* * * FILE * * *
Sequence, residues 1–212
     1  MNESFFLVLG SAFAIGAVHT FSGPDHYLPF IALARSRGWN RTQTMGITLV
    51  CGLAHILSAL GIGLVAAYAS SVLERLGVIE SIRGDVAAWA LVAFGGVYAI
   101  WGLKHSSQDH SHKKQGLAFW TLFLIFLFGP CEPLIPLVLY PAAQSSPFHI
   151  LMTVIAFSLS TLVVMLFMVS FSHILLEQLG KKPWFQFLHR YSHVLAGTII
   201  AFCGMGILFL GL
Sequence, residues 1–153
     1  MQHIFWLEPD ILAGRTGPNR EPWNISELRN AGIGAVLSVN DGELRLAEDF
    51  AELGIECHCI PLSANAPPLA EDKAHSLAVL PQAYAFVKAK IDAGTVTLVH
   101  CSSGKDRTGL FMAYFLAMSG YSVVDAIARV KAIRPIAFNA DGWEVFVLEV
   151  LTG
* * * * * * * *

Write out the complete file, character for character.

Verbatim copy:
Sequence, residues 1–212
     1  MNESFFLVLG SAFAIGAVHT FSGPDHYLPF IALARSRGWN RTQTMGITLV
    51  CGLAHILSAL GIGLVAAYAS SVLERLGVIE SIRGDVAAWA LVAFGGVYAI
   101  WGLKHSSQDH SHKKQGLAFW TLFLIFLFGP CEPLIPLVLY PAAQSSPFHI
   151  LMTVIAFSLS TLVVMLFMVS FSHILLEQLG KKPWFQFLHR YSHVLAGTII
   201  AFCGMGILFL GL
Sequence, residues 1–153
     1  MQHIFWLEPD ILAGRTGPNR EPWNISELRN AGIGAVLSVN DGELRLAEDF
    51  AELGIECHCI PLSANAPPLA EDKAHSLAVL PQAYAFVKAK IDAGTVTLVH
   101  CSSGKDRTGL FMAYFLAMSG YSVVDAIARV KAIRPIAFNA DGWEVFVLEV
   151  LTG